The 2013 Hall of Fame vote is sure to be interesting. There are some very deserving players coming up for the first time, returning veterans like Jack Morris hoping to get elected before their 15 years runs out, and there are also many players that are suspected of using PEDs or steroids during their career. I've enjoyed reading NoDak Twins Fan's series on the minor leagues this week, and I'm also midway through Seth Stohs' wonderful Minnesota Twins Prospect Handbook. It's a great read that I highly recommend, and I've already learned a lot about who the Twins have coming up through the system. Thinking about minor leaguers and the draft, and also about the fascinating 2013 Hall of Fame debate that's sure to heat up, got me wondering about where these HOF-eligible players were taken in the MLB draft. Are we going to see any kind of trend with respect to early round choices, or did some of these players fly under teams' radars? Here's a list of some of the players that are likely (at least on paper) to get votes next year. The links will take you to the Baseball-Reference.com list of players selected in that particular round.
Jack Morris: 5th round of 1976 draft; 98th overall.
Jeff Bagwell: 4th round of 1989 draft; 110th overall.
Lee Smith: 2nd round of 1975 draft; 28th overall.
Tim Raines: 5th round of 1977 draft; 106th overall.
Alan Trammell: 2nd round of 1976 draft; 26th overall.
Edgar Martinez: Signed by Seattle as amateur free agent in 1982.
Fred McGriff: 9th round of 1981 draft; 233rd overall.
Larry Walker: Signed by Expos as amateur free agent in 1984.
Mark McGwire: 1st round of 1984 draft; 10th overall.
Don Mattingly: 19th round of 1979 draft; 493rd overall.
Dale Murphy: 1st round of 1974 draft; 5th overall.
Rafael Palmeiro: 1st round of 1985 draft; 22nd overall.
Bernie Williams: Signed by Yankees as amateur free agent in 1985.
Barry Bonds: 1st round of 1985 draft; 6th overall.
Roger Clemens: 1st round of 1983 draft; 19th overall.
Mike Piazza: 62nd round of 1988 draft; 1,390 overall.
Sammy Sosa: Signed by Rangers as amateur free agent in 1985.
Curt Schilling: 2nd round of 1986 draft; 39th overall.
Craig Biggio: 1st round of 1987 draft; 22nd overall.
This is a really diverse list with some fantastic players. Can we extrapolate anything from this information? Well, yes and no. It's certainly an interesting list. Of the 19 players I listed, 6 were selected in the first round of the draft -- roughly one-third. 12 out of the 15 that went through the draft were selected between the 1st and 5th rounds; 4 were signed as amateur free agents, and thus never went through the draft at all. Finally, later rounds of the draft -- the 9th, 19th, and 62nd rounds -- were represented by McGriff, Mattingly and Piazza, respectively. None of the players listed were the #1 overall draft pick; Dale Murphy was the closest at 5th overall back in 1974.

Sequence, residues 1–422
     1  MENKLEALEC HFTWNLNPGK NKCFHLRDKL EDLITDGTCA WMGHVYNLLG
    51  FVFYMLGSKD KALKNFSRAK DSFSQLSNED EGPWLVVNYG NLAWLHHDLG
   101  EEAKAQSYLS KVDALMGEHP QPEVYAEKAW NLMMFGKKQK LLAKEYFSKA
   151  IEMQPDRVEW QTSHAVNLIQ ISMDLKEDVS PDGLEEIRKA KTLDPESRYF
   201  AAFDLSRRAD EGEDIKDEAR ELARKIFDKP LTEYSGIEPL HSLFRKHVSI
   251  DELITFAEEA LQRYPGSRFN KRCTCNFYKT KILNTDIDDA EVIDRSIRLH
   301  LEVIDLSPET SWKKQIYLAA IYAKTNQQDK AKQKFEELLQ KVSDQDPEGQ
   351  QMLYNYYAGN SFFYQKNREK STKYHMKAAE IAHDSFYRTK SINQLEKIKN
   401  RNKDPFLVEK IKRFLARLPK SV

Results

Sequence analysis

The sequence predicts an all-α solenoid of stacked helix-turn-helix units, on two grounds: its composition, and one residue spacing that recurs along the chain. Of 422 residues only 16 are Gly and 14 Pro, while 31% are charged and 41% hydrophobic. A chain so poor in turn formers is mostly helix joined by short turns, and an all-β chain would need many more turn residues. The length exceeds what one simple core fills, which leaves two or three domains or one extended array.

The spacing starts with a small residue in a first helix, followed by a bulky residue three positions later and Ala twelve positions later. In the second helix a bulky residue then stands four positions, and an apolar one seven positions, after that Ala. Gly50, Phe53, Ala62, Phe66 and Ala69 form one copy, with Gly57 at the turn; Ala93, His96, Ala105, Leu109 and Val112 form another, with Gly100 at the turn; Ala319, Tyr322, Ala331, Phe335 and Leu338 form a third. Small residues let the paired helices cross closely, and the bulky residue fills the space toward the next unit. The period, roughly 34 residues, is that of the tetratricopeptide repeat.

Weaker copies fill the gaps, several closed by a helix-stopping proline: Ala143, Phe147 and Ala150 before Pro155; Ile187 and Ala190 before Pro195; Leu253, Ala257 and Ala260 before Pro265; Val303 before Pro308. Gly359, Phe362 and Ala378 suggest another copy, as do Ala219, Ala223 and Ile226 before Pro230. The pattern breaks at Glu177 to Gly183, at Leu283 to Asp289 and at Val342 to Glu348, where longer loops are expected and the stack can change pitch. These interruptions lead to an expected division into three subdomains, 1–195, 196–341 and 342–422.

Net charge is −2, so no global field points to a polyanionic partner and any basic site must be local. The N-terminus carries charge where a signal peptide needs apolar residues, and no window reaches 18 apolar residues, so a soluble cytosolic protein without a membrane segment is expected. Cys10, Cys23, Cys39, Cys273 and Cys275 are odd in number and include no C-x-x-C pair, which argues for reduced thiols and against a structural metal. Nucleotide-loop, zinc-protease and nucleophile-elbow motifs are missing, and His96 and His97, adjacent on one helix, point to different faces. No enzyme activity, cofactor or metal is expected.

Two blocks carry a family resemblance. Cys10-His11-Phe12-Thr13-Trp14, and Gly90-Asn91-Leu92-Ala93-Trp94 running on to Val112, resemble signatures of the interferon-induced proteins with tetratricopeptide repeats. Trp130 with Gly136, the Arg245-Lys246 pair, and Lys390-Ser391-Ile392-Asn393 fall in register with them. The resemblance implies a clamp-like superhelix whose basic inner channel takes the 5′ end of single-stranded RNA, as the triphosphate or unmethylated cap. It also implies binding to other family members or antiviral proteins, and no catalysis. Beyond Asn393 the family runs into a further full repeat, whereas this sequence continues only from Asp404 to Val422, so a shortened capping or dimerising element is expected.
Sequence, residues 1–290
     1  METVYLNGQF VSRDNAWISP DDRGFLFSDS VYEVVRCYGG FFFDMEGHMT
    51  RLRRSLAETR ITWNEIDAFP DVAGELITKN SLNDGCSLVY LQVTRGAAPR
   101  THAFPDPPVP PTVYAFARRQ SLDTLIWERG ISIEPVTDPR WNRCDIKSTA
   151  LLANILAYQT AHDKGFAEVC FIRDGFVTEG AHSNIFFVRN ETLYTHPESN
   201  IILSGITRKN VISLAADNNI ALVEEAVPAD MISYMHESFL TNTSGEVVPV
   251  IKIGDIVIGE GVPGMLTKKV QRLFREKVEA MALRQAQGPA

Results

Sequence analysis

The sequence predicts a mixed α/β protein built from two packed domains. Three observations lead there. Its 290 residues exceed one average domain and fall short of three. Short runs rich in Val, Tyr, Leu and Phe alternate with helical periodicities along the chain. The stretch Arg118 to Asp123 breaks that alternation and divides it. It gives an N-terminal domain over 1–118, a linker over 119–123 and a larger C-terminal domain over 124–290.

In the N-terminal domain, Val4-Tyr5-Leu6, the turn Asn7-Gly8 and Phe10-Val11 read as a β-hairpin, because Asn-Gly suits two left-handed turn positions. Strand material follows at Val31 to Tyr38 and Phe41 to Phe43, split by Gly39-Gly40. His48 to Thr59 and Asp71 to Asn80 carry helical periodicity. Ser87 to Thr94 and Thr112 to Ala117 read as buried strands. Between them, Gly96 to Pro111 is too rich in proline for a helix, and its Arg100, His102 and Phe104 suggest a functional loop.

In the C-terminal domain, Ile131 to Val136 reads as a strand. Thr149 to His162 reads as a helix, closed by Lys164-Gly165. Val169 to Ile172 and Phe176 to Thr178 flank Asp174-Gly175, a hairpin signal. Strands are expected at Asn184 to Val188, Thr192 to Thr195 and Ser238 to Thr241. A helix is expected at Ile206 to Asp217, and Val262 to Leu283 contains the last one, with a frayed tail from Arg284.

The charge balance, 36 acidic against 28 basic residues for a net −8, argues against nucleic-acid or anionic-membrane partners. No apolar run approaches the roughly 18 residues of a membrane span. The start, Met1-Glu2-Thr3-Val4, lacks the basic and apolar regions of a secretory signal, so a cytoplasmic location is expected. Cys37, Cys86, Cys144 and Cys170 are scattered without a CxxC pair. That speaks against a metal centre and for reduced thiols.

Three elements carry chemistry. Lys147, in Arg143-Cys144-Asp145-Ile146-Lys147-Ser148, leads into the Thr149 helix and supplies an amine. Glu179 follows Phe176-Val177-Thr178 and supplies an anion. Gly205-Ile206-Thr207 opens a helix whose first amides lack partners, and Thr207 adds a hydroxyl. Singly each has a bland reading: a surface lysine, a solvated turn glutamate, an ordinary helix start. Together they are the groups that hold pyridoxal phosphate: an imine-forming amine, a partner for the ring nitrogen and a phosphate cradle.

Baseball statistics and player evaluation have definitely improved from the 1970s and 1980s. I'm curious, as the next few years pass, if we will see that HOF-type players were more often taken in the very early rounds of the draft than they were in previous eras -- in other words, if scouts and teams are better or more accurately able to recognize major league level talent now than they were a decade or two ago? The truth is that the draft is never going to be anything close to a science: player injuries, personality issues and unforeseen player talent ceilings have dramatic and long-lasting effects on a career, and no amount of stats or research can meaningfully predict such things.
So what does this mean for the Twins in 2012? As a result of a horrible 2011 season, and the departure of free agents that were offered arbitration, the Twins have the 2nd overall pick; the 32nd pick; the 42nd pick; the 64th pick; and the 73rd pick. 5 picks in the first 75 slots is pretty good. Are the Twins likely to draft a future Hall of Famer? No. I'd say that no team is likely to draft a Hall of Famer. Although I expect they will have good MLB careers, even recent #1 picks Bryce Harper and Steven Strasburg are far from sure things. But a player's draft status doesn't necessarily shape his destiny: just ask Mike Piazza, who was drafted in the very last round by the Dodgers, as one of the very last picks, as a favor to Piazza's father. Tommy Lasorda was friendly with Piazza's family, and actually is Mike's godfather. Future stars, therefore, can be drafted anywhere. Still, though, I'd rather bank on a solid player coming in the 2nd overall slot than in the 1,390th slot. The Twins have a rare opportunity to fill some holes in the minor leagues with top draft picks, and hopefully will select a few players that can move through the system quickly, and will make a difference at Target Field sooner, rather than later.